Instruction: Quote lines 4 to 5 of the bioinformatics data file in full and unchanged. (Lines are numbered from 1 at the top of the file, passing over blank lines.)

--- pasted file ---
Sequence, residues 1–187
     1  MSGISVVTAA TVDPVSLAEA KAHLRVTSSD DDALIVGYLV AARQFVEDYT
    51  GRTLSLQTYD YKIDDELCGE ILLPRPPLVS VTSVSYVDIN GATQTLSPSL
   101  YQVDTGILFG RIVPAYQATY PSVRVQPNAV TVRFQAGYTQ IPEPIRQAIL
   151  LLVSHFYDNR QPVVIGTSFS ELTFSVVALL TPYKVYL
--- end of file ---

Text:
   101  YQVDTGILFG RIVPAYQATY PSVRVQPNAV TVRFQAGYTQ IPEPIRQAIL
   151  LLVSHFYDNR QPVVIGTSFS ELTFSVVALL TPYKVYL